The Areopagus was not the center for public debate. “Pagos” in Greek means, “big rock.” Areo probably comes from the name of Ares, the Greek god of war – not polite war, but savage, bloodthirsty, slaughtering war. The Areopagus was the traditional place in Athens where murder trials were held. So, while the Areopagus might not mean so much to you and me, for Paul -- who preached Christ crucified, for Paul, who had recently stood before the magistrates -- for Paul, who had recently been beaten with rods -- Paul who had in at least one jail and driven out of every town he'd visited – for Paul to be taken to a hill, not unlike the hill where Christ was crucified, a hill honoring the Greek god of slaughter, a hill where murder trials were held – well, suddenly those open-minded Athenians might have looked a little more menacing.

But even with his knees knocking, Paul was a genius. Again, a little history. The Areopagus, the homicide court of Athens, was also the site of the temple to the Unknown God. Remember, Athens was filled with statues to the “Big 12” gods (Zeus, Athena, Ares, etc.), and also scores of lesser gods. Legend had it that around 600 years before Paul, Athens was in the grips of a plague and desperate to appease the gods with the appropriate sacrifices. There was a philosopher named Epimenides who came up with a 600 BC health care plan. Epimenides' idea went like this:

The Athenians gathered a flock of sheep to the Areopagus and released them. The sheep roamed about Athens and the surrounding hills. Wherever a sheep stopped and lied down a sacrifice was made to the local god of that place. There were so many gardens and buildings associated with a specific god or goddess, that pretty much wherever a sheep landed, the people could build an altar and make a sacrifice (and I'm guessing it was the unfortunate sheep. Thanks for all your help, there, Fluffy). However, at least one, if not several, quick-thinking sheep led the Athenians to locations that had no god(s) associated. Looked like a good plan on the sheeps' behalf. Sadly for them, though, Epimenides (also thinking quickly) realized the hole in his health care logic and told the Athenians, “Oops. We must have missed a god,” and built an altar and made the sacrifice to... the Unknown God, on the Areopagus. Perhaps given the moral failings of the Big 12 gods, this god who started out as a placeholder for a religious “Oops,” the Unknown God, became very popular.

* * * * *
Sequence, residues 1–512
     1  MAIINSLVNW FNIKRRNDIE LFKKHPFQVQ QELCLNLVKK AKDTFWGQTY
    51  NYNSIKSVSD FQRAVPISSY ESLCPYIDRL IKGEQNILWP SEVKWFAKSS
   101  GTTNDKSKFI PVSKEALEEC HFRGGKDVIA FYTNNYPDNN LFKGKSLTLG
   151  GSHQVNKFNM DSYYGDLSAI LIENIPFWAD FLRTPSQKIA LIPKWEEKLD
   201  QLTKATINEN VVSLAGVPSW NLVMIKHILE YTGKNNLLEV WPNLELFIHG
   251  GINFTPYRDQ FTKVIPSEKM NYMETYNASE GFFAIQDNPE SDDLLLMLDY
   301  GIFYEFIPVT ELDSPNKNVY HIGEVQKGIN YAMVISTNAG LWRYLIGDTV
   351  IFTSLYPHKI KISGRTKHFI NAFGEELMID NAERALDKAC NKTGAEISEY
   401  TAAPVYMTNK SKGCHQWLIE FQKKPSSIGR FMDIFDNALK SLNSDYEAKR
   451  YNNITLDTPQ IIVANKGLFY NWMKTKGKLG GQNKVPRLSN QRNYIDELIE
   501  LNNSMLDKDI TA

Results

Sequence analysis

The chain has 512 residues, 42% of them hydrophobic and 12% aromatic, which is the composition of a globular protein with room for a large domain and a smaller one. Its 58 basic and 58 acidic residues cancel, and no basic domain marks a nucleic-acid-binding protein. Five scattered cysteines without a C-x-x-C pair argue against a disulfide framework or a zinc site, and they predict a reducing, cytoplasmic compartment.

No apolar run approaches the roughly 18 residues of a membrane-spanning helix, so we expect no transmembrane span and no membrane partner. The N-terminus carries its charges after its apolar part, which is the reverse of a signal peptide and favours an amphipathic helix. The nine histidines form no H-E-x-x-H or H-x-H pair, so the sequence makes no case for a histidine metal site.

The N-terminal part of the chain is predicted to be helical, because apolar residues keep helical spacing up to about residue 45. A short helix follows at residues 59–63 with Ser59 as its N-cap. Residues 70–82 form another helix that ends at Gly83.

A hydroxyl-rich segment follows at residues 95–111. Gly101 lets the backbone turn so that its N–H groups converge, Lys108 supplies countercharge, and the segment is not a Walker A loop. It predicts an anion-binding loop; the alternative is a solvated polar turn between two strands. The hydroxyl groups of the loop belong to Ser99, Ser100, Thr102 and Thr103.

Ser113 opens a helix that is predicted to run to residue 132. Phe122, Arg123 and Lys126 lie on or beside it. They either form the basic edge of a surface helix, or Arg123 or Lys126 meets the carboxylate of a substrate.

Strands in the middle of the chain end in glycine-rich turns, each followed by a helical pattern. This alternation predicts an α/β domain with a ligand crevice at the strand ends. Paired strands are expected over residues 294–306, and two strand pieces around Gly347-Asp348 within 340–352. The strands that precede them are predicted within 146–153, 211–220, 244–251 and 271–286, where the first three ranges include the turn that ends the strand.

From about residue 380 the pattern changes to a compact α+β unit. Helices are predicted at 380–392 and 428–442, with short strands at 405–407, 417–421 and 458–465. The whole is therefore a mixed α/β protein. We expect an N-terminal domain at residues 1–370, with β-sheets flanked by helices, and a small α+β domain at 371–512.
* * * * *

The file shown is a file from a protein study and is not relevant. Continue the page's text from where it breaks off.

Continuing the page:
So, here's Paul, standing atop the Areopagus, this place of murderous death. He looks out at the Temple of the Unknown God. Thinking even more quickly than the sheep or Epimenides, he says,

“For as I went through the city and looked carefully at the objects of your worship, I found among them an altar with the inscription, 'To an unknown god.' What therefore you worship as unknown, this I proclaim to you. The God who made the world and everything in it, he who is Lord of heaven and earth, does not live in shrines made by human hands, nor is he served by human hands, as though he needed anything, since he himself gives to all mortals life and breath and all things. From one ancestor he made all nations to inhabit the whole earth, and he allotted the times of their existence and the boundaries of the places where they would live, so that they would search for God and perhaps grope for him and find him--though indeed he is not far from each one of us.”

And, Paul's genius doesn't stop there. He knows the philosophy of Epimenides and even quotes him to the Greeks:

For 'In him we live and move and have our being'; as even some of your own poets have said, 'For we too are his offspring.'